Jean Paul Lemieux
CC QMG RCA
1904 - 1990
Le temps retrouvé - Kent House 1913
oil on canvas, circa 1972
signed and on verso titled, inscribed and labeled "1768" and stamped with the Galerie L'Art Français stamp
26 x 32 in 66 x 81.3 cm
Estimate: $200,000 - $300,000
Sold for: $391,250
Preview at: Heffel Toronto – 13 Hazelton Ave
Galerie L'Art Français Ltée, Montreal
Private Collection, Toronto
Michèle Grandbois, Jean Paul Lemieux: Life & Work, Art Canada Institute, 2016, page 4
Many of the qualities that make Jean Paul Lemieux’s work from any phase of his long career perennially appealing are apparent in this quietly captivating painting. The openness of the image field characteristically combines with a strong interest in figures, to whom we cannot help but ascribe narratives. His palette here is particularly bold – note the crepuscular blue emanations in the predominantly black ground that fills most of the surface – yet the strength of colour is also softened by its tactility. The painting is in all ways gratifyingly subtle.
Le temps retrouvé - Kent House 1913 is set in a place of great importance in Lemieux’s childhood and in his later recollection - Kent House - whose form constitutes the background of this painting. Located not far from Quebec City and near the famous Montmorency Falls, it is now called Manoir Montmorency. It was in these elegant, and for him at the time, idyllic surrounds that Lemieux spent his summers and falls as a child. It was here too, in 1914, that he first had inklings of life as an artist, thanks to meeting a painter from the United States at the resort. “His name was Parnell,” Lemieux would later recall. “I got into the habit of going to watch him work, and I saw him paint some very big canvases. I was fascinated. That was when I began to make sketches.”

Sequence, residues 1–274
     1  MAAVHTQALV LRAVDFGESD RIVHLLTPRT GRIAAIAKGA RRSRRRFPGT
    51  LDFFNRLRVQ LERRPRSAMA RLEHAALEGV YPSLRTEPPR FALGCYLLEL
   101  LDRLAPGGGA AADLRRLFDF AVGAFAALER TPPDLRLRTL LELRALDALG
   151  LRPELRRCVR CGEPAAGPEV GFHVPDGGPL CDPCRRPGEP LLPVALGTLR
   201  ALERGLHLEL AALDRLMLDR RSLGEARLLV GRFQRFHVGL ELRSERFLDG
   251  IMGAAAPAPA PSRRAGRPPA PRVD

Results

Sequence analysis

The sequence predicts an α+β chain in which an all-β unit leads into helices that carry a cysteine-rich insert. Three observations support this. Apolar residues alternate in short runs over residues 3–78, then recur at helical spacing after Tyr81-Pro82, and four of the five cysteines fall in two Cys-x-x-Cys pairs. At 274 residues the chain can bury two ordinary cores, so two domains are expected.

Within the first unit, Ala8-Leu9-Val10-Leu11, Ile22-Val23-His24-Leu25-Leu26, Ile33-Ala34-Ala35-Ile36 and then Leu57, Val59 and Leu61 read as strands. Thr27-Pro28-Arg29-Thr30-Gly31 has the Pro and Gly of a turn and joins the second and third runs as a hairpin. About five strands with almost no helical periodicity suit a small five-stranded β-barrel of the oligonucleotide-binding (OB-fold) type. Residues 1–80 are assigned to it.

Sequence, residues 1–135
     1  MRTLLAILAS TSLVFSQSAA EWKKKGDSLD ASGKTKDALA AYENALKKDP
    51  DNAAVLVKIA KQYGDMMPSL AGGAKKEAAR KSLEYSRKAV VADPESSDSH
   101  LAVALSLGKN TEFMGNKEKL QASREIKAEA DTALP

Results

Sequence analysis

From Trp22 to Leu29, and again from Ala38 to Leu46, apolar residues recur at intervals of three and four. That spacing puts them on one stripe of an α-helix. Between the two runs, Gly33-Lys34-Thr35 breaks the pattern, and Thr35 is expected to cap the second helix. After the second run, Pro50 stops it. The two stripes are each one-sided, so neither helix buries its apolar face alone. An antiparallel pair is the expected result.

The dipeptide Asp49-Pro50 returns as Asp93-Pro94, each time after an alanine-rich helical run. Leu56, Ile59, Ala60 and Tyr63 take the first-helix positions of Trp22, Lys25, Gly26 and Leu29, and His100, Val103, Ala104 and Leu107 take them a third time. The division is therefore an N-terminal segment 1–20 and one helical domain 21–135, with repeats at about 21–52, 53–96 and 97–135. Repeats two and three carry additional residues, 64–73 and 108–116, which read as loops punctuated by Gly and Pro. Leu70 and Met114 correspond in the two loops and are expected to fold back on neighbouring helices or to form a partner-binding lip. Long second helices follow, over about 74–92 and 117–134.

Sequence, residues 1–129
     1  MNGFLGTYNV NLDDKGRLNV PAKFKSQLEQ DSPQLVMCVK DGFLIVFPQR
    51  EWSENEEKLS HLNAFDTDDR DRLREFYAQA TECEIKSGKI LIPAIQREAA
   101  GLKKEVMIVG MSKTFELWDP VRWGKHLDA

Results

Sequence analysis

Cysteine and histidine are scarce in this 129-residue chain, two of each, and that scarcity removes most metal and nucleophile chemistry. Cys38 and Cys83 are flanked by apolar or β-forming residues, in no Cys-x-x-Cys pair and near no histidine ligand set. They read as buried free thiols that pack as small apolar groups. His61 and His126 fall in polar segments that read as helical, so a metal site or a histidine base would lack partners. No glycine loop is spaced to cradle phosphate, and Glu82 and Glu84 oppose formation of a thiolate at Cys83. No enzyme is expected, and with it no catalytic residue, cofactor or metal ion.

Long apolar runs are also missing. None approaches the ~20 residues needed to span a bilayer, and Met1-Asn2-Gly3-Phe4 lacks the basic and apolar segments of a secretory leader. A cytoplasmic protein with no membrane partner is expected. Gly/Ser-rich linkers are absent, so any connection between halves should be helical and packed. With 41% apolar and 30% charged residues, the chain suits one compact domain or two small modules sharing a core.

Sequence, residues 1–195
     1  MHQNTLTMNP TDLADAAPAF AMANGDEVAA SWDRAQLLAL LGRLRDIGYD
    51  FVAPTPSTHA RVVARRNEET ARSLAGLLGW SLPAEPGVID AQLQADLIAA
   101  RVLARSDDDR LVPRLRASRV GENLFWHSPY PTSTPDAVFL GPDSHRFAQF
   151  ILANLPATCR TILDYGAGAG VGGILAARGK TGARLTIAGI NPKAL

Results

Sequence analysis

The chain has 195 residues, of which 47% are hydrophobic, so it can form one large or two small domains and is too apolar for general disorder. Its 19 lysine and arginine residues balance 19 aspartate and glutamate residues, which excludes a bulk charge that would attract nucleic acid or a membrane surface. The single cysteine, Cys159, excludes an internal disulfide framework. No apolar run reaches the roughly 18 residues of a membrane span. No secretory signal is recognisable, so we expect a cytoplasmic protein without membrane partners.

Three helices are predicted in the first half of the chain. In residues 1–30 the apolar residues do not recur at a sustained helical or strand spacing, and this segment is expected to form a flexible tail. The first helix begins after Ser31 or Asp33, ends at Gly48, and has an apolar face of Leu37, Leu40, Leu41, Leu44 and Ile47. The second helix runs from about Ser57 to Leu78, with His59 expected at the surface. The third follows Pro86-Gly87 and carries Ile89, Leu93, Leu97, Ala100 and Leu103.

Kent House 1913 is remarkable in its presentation of a time just before this auspicious meeting in 1914. It is fruitful to think of the painting as a member of a select group of works, begun in the 1960s, in which Lemieux self-consciously recalled his childhood: Nineteen Ten Remembered, from 1962, and Summer of 1914, from 1965. In the earlier of these two family portraits, the artist is shown between his parents, facing us as they face one another. Summer of 1914 is also set on the grounds of the elegant Kent House. Here the artist as a boy and his mother both face us. Kent House 1913 is similarly autobiographical but not literally a self-portrait. The figures promenading from left to right are dressed in ways similar to his parents in the paintings of 1962 and 1965. There is even a hint of a beard on the man’s face, reminiscent of Lemieux’s father in Nineteen Ten Remembered. Perhaps instead of showing himself in this place as he remembers it, Lemieux here dwells on the memory of the place and of his parents in an attempt to re-establish how he saw these stylish figures as a child.
In later work such as Anguish (1988), Lemieux would show more troubled recollections of the past and would reflect on our present relationships with the cosmos, but here, his early childhood is projected as innocent and happy. That he would locate the inception of his artistic predilections in this frame is significant to his largely affirmative meditations in art throughout his life.
We thank Mark Cheetham, Professor of Art History at the University of Toronto and author of Landscape into Eco Art: Articulations of Nature Since the ’60s, for contributing the above essay.
Estimate: $200,000 - $300,000
All prices are in Canadian Dollars
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